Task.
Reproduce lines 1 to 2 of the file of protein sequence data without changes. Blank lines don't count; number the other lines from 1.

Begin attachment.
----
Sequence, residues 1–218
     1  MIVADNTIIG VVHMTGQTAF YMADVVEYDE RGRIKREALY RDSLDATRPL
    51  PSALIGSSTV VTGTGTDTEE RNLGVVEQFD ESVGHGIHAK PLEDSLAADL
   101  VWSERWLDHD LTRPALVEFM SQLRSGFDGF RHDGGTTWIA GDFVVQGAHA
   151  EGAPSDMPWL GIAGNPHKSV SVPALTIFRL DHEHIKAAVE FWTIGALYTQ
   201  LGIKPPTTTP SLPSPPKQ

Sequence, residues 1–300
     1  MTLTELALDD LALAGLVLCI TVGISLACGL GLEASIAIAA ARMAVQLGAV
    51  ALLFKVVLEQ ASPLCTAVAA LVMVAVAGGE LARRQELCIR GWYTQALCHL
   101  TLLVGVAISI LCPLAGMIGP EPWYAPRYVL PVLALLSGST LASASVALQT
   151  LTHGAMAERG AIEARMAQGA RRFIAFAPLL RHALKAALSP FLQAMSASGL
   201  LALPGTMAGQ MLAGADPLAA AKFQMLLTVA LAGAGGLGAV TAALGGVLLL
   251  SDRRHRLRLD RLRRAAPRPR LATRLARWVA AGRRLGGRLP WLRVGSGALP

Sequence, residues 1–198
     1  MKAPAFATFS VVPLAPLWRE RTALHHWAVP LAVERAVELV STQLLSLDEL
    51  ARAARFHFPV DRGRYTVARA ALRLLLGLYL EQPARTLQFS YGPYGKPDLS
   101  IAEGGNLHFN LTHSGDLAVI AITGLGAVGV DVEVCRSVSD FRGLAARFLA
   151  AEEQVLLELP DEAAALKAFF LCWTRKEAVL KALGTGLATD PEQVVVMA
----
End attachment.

Sequence, residues 1–218
     1  MIVADNTIIG VVHMTGQTAF YMADVVEYDE RGRIKREALY RDSLDATRPL